Figure 2.3 Capabilities declared in Tool Consumer Profile

3         Behavioral Model

3.1       Overview of the Behavioral Model

Figure 3.1 Diagram depicting the Messaging Framework behavioral model.

The behavioral model of the Messaging Framework is straight-forward.  The Tool Consumer Runtime is responsible for constructing and sending messages.  The Message Handler within the Tool Provider receives messages and sends responses

Section explains how the Tool Consumer Runtime constructs messages. Messages are sent using the standard HTTP protocol, as defined by the World Wide Web Consortium (http://www.w3.org/Protocols).

Message Handlers may receive messages using any available technology for handling HTTP requests.

 


3.2       Use Cases

This section describes the use cases for transmitting messages from the Tool Consumer to the Tool Provider.  In LTI 2.0, there is only one messaging use case. Future versions of LTI may introduce additional use cases cases where the Tool Consumer Runtime invokes the HTTP Message Handlers in the Tool Provider:

 

3.2.1           Serving Content to the User from the Tool Provider

Figure 3.2 Sequence diagram illustrating content being served to the user from the Tool Provider.

 

Use Case Title:

Serving Content to the User from the Tool Provider

Use Case Local ID:

LTIv1-25

Brief Description:

In this use case, the user initially navigates within the Tool Consumer User interface and is transferred to the Tool Provider User Interface. The sequence includes a single-sign-on protocol so that the Tool Provider can authenticate the user based on credentials signed by the Tool Consumer. The launch request from Tool Consumer to Tool Provider includes enough information about the learning context to ensure a consistent user experience.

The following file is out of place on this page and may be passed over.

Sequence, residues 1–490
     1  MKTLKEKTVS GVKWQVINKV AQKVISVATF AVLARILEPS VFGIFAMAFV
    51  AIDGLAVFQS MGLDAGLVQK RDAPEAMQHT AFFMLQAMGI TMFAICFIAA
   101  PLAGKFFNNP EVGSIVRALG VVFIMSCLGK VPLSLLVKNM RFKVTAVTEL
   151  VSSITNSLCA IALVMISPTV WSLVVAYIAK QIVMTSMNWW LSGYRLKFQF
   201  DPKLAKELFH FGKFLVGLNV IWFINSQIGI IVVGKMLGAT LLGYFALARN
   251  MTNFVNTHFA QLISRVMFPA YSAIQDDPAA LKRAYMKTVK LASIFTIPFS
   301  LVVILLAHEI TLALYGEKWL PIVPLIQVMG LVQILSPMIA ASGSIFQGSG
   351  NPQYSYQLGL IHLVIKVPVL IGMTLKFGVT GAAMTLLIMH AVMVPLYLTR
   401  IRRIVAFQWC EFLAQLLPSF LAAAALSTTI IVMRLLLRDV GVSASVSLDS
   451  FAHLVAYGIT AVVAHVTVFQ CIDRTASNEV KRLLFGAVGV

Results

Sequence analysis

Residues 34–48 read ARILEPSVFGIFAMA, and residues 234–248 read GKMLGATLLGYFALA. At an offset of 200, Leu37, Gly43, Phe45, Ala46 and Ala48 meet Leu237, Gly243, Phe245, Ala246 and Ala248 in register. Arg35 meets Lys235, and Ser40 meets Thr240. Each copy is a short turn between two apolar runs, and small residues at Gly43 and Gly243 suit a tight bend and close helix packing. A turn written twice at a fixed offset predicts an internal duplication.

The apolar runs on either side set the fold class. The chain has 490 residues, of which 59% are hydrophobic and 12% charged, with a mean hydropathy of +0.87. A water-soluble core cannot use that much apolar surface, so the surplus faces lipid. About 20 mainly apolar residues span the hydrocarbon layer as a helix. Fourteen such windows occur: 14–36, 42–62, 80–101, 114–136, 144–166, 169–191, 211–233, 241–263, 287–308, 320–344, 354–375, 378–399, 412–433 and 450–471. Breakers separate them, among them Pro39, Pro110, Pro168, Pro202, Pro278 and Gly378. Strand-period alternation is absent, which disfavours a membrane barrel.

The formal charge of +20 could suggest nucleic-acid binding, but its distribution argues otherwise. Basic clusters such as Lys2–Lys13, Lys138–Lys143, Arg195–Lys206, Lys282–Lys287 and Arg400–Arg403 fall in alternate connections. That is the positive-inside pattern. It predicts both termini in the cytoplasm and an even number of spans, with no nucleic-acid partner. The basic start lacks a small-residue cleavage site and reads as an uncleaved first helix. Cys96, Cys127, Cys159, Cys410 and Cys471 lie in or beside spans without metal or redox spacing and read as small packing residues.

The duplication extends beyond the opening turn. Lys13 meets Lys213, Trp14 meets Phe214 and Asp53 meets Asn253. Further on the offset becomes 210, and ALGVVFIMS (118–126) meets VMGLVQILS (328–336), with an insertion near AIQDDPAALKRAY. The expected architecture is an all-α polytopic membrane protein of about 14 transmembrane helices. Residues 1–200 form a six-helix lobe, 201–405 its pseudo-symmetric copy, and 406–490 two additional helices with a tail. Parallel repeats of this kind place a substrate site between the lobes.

Level:

Summary

Actors:

Tool Consumer Runtime, Tool Provider Message Handler, User

Preconditions:

The Tool Proxy has been deployed and enabled within the Tool Consumer.

The User has logged into the Tool Consumer.

Basic Flow of Events:

1.       Activate LTI Link. The user clicks a link rendered in their browser by the Tool Consumer and the HTTP request is sent to the Tool Launch Service within the Tool Consumer.

2.       Send HTML page containing Launch Request. The Tool Launch Service generates an HTML page containing a form whose ‘method’ attribute is ‘POST’. The form fields correspond to a serialization of the LTI Launch Request message. 

3.       Auto-submit:  The HTML page includes JavaScript code to automatically submit the form. The target for the form should be the URL for the appropriate Message Handler in the Tool Provider system as defined in the Tool Profile (where the URL is constructed by combining the base URL and message “path”).

4.       Post the Launch Request. The user’s browser posts the form containing the Launch Request to the Tool Provider server. 

5.       Render Tool Provider Content.  The Tool Provider validates the launch request in accordance with the security profile negotiated during the tool deployment process. Among other things, the launch request includes a “return URL” parameter.  The Tool Provider saves this URL (possibly as a cookie), so that it will be able to redirect the user’s browser back to the Tool Consumer system when the user is done interacting with the Tool. (See Step 7.)  Finally, the Tool Provider responds to the launch request by sending the requested content to the user’s browser.